Genetic susceptibility to TB-HIV

A study published in the Proceedings of the National Academy of Sciences has identified a common genetic variant that makes people infected with HIV much more susceptible to tuberculosis (TB). Sub-Saharan Africa has been particularly hard hit by the TB-HIV dual-epidemic and globally, a higher incidence of tuberculosis is known to occur in people of African origin – genetic susceptibility has long been suspected.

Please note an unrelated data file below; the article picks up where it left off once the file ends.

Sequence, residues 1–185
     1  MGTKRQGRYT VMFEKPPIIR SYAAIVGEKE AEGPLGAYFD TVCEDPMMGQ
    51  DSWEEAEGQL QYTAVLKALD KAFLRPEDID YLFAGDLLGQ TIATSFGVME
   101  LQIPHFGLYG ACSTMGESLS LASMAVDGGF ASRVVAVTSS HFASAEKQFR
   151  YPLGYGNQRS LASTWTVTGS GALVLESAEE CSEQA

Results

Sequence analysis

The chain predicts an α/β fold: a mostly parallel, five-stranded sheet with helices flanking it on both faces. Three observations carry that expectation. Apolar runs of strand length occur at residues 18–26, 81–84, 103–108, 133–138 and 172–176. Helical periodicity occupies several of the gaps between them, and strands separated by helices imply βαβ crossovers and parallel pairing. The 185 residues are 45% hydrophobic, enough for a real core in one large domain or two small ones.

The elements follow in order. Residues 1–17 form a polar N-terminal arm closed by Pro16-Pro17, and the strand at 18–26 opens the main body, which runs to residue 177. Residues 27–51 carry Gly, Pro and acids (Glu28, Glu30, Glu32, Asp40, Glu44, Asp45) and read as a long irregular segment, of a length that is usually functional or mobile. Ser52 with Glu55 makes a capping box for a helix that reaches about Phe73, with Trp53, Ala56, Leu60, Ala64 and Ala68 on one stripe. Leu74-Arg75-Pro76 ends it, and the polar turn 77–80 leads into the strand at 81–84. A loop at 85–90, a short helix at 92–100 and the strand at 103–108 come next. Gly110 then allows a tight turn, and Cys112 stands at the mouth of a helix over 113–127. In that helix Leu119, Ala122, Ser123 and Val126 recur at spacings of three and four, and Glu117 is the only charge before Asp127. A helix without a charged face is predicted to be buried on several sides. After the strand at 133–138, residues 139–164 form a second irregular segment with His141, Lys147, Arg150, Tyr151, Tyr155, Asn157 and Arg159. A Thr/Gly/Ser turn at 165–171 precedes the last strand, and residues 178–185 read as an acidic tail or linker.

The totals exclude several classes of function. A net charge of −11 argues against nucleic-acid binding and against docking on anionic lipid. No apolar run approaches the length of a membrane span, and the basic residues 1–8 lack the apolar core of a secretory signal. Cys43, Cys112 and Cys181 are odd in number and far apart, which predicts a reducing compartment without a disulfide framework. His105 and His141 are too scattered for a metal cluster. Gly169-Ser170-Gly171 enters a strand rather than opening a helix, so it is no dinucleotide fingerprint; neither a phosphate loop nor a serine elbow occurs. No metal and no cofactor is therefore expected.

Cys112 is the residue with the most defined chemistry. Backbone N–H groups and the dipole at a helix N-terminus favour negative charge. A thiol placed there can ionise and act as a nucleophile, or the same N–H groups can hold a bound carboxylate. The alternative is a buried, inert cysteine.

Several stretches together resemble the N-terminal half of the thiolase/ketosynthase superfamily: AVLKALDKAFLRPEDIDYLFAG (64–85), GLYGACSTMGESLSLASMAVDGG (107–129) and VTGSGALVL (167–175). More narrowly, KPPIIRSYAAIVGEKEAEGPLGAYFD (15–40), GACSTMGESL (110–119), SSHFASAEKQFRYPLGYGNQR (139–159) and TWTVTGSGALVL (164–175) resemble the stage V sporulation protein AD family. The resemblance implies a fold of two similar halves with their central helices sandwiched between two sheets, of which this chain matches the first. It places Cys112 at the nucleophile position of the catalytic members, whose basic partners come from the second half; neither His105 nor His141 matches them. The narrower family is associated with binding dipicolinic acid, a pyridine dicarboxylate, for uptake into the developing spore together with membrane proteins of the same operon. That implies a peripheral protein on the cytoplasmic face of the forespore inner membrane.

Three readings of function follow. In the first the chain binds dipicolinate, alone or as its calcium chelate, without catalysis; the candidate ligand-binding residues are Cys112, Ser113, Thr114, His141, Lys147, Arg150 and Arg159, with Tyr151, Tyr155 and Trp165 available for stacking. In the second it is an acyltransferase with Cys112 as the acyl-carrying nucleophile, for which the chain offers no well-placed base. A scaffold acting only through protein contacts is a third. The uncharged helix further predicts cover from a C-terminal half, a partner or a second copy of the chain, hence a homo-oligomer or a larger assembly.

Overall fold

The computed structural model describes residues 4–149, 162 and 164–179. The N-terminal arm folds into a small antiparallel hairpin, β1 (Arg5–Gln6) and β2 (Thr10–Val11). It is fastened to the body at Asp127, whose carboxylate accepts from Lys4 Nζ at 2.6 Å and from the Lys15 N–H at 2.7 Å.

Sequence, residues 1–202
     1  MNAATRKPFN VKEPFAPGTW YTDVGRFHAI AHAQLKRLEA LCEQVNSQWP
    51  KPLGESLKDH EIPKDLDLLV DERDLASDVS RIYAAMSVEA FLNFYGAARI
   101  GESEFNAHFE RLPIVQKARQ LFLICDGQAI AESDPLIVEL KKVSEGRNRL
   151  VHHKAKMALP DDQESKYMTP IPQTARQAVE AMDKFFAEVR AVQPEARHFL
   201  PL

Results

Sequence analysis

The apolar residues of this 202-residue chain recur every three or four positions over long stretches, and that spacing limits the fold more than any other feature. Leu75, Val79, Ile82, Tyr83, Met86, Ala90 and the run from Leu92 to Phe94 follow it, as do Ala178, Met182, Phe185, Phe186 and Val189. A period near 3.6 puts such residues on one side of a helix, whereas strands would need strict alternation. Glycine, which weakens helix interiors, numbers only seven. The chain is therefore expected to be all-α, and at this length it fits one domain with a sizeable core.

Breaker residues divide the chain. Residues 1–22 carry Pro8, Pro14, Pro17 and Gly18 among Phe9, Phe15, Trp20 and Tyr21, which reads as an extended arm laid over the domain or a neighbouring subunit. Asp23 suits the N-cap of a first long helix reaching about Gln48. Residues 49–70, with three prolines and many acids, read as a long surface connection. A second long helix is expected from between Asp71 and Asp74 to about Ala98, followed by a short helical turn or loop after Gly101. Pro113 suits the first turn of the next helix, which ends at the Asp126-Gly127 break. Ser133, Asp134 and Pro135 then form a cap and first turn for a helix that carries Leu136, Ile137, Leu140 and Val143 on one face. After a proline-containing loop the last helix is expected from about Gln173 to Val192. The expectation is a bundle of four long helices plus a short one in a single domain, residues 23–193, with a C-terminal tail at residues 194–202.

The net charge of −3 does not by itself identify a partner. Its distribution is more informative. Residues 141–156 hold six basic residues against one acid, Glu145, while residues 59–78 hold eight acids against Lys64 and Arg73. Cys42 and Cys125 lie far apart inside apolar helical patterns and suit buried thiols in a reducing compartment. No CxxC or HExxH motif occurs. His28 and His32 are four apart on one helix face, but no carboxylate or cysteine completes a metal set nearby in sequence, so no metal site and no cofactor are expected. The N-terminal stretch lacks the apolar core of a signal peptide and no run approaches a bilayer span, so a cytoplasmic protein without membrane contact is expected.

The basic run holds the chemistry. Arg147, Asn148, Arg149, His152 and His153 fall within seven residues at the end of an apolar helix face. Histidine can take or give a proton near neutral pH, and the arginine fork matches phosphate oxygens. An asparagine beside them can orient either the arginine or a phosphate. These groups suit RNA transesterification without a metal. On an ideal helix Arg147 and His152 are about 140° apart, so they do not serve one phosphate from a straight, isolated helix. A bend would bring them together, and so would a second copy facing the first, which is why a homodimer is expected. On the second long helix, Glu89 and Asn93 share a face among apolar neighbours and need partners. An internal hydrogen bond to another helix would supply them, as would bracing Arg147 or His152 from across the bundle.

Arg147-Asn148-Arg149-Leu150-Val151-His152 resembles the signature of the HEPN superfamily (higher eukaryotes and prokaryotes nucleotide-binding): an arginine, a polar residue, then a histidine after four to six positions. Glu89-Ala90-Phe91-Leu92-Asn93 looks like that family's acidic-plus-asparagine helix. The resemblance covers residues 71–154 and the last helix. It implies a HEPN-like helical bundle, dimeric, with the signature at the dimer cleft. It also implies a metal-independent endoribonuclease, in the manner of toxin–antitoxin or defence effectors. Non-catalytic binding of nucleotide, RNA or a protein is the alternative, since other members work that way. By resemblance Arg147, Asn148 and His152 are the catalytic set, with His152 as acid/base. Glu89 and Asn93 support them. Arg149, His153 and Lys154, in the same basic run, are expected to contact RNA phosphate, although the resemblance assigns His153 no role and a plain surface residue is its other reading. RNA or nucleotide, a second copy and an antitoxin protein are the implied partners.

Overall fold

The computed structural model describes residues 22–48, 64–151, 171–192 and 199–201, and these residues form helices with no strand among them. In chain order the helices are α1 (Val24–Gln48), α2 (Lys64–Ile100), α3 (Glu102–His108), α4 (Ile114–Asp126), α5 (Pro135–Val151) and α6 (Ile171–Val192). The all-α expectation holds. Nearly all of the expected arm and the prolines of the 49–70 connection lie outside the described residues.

The Yale-led team found that a low-expressing version of the immune response gene known as macrophage migration inhibitory factor (MIF) conferred a two-and-a-half fold increased risk for severe tuberculosis in a group of patients from Uganda. Low-expressers of MIF are almost twice as common among people of African ancestry as Caucasians.

Access the full study on the PNAS website.

Comments are closed.